Damola and Wole Idowu are quite a dynamic duo! This father and son pair are highly educated engineers, creatives, and entrepreneurs. They’re also the cofounders of Toyz Electronics – a company that gamifies STEAM education in ways to promote equity and diversity in the tech workforce.
The Tech Council’s Sheena Carroll recently spoke with Damola and Wole about Toyz’s origins and their thoughts on Pittsburgh’s future:
SC: Can you give us some background on Toyz?
D. IDOWU: We’re multigenerational black engineers that both got started at elite universities —me at Syracuse, and [Wole] at Carnegie Mellon, at 15. I was studying mechanical engineering and economics; he studied electrical and computer engineering.
We investigated why it is that blacks and Hispanics are 43% of K-12 students, but only 15% of the tech workforce? What's wrong in the pipeline, what's wrong in the ecosystem? Out of my interviewing across eight segments, I looked at what Carnegie Mellon was doing with the University of Singapore. I thought, “Why don't we replace University of Singapore with Howard or other HBCUs? We talk about global emerging markets exchange — cities are like emerging markets as far as how blacks and Hispanics live. Then, why don't we make interactive entertainment so that the K-12 kids and younger people can be inspired by our story?”
Out of that, we applied to MIT's Solve global challenge. And they voted us as one of the best antiracist technology solutions on the planet! They loved what we were doing so much that we were invited to be in their incubator for unbundling policing. We also got a letter of intent for the Education Justice Institute, from both the police chief of Cambridge and the district attorney of Middlesex County, that this idea could not only be a great youth diversion program, but it could be a great way to bridge the gap between police and the communities they serve.
So, at Toyz, everybody benefits from something as simple as toys. We use the hip-hop storytelling aspect to have people tell their own personal story so they can get better opportunities. The toys also have stories. You sell the toys, and you’re also telling the stories of the superhero version of yourself.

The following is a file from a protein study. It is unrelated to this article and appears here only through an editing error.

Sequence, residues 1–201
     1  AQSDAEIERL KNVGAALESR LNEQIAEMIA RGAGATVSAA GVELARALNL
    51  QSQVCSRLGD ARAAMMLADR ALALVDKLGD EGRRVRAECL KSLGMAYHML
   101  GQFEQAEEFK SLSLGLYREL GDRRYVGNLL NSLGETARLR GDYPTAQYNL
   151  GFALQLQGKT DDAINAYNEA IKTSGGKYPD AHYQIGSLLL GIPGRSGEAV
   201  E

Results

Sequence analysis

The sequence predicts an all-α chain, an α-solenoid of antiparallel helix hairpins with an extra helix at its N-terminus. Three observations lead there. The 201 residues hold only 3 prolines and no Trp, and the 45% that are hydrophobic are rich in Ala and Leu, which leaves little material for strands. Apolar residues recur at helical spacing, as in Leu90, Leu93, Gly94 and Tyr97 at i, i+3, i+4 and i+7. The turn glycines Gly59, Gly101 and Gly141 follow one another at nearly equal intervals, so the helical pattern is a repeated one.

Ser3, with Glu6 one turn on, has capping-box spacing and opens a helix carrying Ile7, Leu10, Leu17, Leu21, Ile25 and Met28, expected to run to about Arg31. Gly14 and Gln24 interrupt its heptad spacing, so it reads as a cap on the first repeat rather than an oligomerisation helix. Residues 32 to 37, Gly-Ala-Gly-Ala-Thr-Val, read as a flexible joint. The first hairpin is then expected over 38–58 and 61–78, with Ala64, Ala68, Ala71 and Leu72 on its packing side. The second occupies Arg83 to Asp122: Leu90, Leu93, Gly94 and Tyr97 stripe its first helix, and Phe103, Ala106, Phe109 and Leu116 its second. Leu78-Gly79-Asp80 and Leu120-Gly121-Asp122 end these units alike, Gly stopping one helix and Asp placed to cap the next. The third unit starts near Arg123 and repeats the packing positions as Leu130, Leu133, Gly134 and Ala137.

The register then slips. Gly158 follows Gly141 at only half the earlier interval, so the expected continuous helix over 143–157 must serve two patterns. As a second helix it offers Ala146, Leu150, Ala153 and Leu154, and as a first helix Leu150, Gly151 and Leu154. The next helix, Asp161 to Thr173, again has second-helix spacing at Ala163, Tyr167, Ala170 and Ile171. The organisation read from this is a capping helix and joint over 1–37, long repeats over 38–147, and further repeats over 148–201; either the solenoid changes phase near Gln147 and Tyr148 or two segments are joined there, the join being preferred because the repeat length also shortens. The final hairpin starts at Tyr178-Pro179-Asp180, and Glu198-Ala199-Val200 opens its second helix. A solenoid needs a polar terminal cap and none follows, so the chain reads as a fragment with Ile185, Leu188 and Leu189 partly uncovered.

SC: There's so much talk about building equity in tech but not a lot of talk about practical solutions. But you have come up with some practical solutions! I also like that you’ve included a creative aspect — with SuperHero Rap, you have students creating their own characters, superheroes with powers related to their potential interests within the tech world. Can you tell me more about that?
D. IDOWU: SuperHero Rap is based on Idealism. That's your super ego. You're talking about your highest ideal state…so, not so self-absorbed, but what is it that you want to do beyond yourself? Your villains are the obstacles in the way of your highest state of mind and your higher vision of what you want the world to be. So, you use science, technology, engineering, art and math as your superpowers to overcome your obstacles. And in that process, you're now able to tell your story.
Hip-hop is the greatest storytelling art form there is. Now you can use rap as a framework to tell a story of your own STEAM adventure, about how you're going to use STEAM to make the world around you better. And obviously, at the core of STEAM is T — Technology.
SC: What would you like to see in the future of tech and tech education in Pittsburgh?
D. IDOWU: When I studied engineering, there were payphones. You couldn't grab your device and say, “Hey, Siri,” right? You couldn't Google what you needed to know. But now, you have generative AI to correct code. You have VR, AR and real-time 3D.
This is the future. So, you must factor in devices, AI, additive manufacturing, advanced manufacturing, robotics connectivity. What if you could now bring learning engineering and data gathering into our play? And what if you could infuse it into every connected device? Pittsburgh is a connected city — it's IoT, it's robotics, it's world class researchers. How do we democratize and bring equity into that, so that everybody, regardless of skin color, gender, sex, or identity, can now be included in the future of work? That's what we're doing with Toyz, and I know Wole has his own view of that.
W. IDOWU: Oh yeah. I think about what my dad taught me, about what Booker T. Washington and Andrew Carnegie were able to do together – endowing Tuskegee and Hampton. Also, it is my journey with my family, our love, and bringing that spirit here. Now we have these new technologies that will be the driving innovation force for America. Right? That's what we're really building here. We're building the tools. We're giving people opportunities. It's like, “Hey, here's this campfire platform to learn. How would you build something like that?”
SC: Why did you join the Tech Council?
D. IDOWU: You have great members, and we wanted to be in an organization that had such great founders, tech executives, and innovation. I tell people that Pittsburgh punches way above its weight class because it's a city of roughly 300,000, but it's built on next-gen tech. Autonomous driving has really driven out of here! There’s also Astrobotic, another member, sending things to the moon.
Toyz wants to be in that category. We want to create a unicorn, like the other unicorns that are your members, to be able to create economic mobility and impact for our users. We figured that a partner like the Pittsburgh Technology Council would provide us with the relationships and the access to be able to fulfill our vision.
Learn more at https://toyzelectronics.com/.
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